What needs to be stressed now is this: if our world leaders, and the public, continue to underestimate the seriousness of climate breakdown, it will only accelerate the rapidity in which we will experience it, and how destructive it will be.

There is no going back once we hit certain tipping points, and we only have a decade to act before it is too late. We may only have five years left before we use the remaining carbon budget to stay under 1.5C of global temperatures. Any higher than that, and a habitable planet is in jeopardy. Every fraction of a degree matters and it will be the difference between stability or catastrophic weather events and ecological impacts that send our civilisation into chaos. 

However, we do still have the chance to safeguard our planet and reclaim our futures. 


One thing that Don’t Look Up did not represent truly is the collective power of the people. We are the hope. What I want people to take away from this article is not doomism for our future, but the feeling that we still have a chance. 

This will not be the end. 

These oppressive systems were built by people, and so they can be dismantled by people. We have the knowledge, solutions, and resources for transformative climate justice. 

Another world is possible, but we must be brave enough to imagine it. 

Those fighting against change will try to distract you from the systems and lobbying at play. We must believe in ourselves: societal and revolutionary change has always been achieved by pressure from people. 

You are a force to be reckoned with, we are a force to be reckoned with.A force that can create ripple effects of change through the actions we take. 

A revolutionary mind shift

My hope for 2022 is that a revolutionary mindset starts to come into play. That more people feel empowered and understand just how much they can contribute to the climate movement. That radical optimism becomes more prevalent than climate doom, and that we fight injustice by looking at the type of world that could await us. I hope that more people dare to be brave and realise that we do not have to stay within the constraints of a destructive system which tells us that climate justice and saving our planet is not possible.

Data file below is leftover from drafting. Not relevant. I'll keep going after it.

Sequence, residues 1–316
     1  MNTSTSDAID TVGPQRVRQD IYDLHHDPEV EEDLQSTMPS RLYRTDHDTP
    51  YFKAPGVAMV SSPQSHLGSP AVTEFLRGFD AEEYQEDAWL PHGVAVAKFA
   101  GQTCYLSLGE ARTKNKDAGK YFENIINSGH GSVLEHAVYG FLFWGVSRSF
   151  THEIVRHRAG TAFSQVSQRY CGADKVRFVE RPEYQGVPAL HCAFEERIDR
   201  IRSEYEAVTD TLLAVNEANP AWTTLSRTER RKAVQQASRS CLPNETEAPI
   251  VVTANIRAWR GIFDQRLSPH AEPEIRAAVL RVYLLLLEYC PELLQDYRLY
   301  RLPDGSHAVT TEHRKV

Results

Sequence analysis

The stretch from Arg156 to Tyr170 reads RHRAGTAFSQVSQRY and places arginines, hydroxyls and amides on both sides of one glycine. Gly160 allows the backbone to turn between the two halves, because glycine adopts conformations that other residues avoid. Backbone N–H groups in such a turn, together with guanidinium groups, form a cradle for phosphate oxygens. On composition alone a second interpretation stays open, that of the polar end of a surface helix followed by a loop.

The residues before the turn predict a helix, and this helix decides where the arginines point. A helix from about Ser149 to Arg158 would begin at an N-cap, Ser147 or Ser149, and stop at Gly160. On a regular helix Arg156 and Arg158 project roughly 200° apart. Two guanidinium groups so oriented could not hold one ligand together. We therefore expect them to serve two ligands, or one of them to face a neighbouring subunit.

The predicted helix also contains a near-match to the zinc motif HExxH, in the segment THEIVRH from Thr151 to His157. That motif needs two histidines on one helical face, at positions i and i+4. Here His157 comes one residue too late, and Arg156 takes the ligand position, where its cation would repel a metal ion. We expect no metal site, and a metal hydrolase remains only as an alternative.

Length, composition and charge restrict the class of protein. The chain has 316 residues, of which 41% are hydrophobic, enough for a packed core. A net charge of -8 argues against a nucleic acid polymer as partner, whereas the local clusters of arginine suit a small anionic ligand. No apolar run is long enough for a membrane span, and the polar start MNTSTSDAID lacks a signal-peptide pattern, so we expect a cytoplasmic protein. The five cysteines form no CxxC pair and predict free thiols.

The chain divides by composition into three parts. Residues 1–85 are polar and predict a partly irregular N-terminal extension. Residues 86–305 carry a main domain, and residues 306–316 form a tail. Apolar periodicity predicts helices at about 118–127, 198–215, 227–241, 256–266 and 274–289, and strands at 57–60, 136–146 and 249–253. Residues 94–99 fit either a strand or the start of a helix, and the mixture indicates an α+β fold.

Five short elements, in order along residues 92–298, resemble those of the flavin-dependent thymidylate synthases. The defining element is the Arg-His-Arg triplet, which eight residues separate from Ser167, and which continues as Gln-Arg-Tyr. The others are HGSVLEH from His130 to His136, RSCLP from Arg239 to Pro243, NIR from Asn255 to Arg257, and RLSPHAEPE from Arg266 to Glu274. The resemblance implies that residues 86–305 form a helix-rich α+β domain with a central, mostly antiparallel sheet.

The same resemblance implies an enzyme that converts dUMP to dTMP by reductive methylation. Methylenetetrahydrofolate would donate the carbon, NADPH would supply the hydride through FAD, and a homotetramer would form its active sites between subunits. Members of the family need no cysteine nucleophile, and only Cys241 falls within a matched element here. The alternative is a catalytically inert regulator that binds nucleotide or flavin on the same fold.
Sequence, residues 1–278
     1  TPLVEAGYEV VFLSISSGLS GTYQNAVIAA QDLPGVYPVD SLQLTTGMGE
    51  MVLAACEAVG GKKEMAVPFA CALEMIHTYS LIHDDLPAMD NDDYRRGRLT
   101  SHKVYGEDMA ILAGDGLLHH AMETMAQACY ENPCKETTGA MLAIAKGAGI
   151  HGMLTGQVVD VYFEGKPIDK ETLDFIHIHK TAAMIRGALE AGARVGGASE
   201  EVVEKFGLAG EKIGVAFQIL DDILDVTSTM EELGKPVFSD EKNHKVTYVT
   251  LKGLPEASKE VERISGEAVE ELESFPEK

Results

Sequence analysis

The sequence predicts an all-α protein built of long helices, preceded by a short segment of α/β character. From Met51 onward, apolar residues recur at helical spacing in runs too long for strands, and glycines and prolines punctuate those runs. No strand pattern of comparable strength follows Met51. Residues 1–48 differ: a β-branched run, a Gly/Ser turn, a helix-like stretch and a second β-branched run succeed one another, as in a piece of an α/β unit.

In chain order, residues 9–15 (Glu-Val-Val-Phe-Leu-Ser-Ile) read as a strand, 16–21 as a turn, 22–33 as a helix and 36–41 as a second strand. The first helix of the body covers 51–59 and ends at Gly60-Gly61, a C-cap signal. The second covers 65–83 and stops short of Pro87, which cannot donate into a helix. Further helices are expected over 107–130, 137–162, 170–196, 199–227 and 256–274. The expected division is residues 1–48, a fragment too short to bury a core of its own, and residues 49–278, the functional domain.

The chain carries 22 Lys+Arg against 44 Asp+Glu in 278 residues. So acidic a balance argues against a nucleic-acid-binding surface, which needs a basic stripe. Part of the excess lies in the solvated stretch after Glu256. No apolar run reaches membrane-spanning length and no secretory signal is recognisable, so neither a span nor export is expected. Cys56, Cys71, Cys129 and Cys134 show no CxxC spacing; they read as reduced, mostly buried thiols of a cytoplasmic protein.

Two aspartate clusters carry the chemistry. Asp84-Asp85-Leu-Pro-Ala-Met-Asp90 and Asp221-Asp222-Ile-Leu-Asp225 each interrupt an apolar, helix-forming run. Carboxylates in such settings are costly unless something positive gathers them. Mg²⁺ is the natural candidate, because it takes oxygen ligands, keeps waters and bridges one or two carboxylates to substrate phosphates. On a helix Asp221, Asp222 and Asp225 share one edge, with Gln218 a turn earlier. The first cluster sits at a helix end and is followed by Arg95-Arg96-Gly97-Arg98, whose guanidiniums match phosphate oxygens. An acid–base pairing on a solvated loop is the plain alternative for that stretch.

Radical optimism is not easy, and everyone has something different which guides them. Within a system that exists to tell us we have no power, it is a radical choice to believe that we do. 

This includes taking the wins as they come. Because feeling burned out on a burning planet can take its toll. 

Optimism can spur this shift from apathy to action. This does not mean the absence of rage or sadness, but instead it is something to hold on to throughout it all.

Revolutionary love is vital. This love includes building community and genuine connections, extending understanding and empathy to others, growing together, and holding each other accountable. 

It is time to stop thinking within the constraints of society and the system that has told us that there are no other options. From the climate crisis, to abolition, to liberation for marginalised groups – we are limited if we try to work within the current infrastructure. But that’s the beauty of movements: they allow us to envision a new movement and make it happen. 

We cannot accept compromises. Wildfires, floods, heatwaves, droughts, and typhoons do not compromise. Ecosystem collapse and species extinction does not compromise. Our beautiful planet is burning right before our eyes. Don’t accept it. Demand a better future. 

So, do whatever you can and start today. This is the only way we will win, by uniting. Another world is possible, and we are unstoppable. So, like the sea levels, we must rise. Let us reclaim the future we deserve.


Illustration by Natasha Phang-Lee @npl_illustration

Inspiration for the artwork came from the feeling of impending and catastrophic change emanating from the article. At the same time, I wanted to capture this feeling of hope that Dominique imparts to readers. I thought the best way to represent this was by using bold colours and creating some depth and movement within simple objects. – Natasha Phang Lee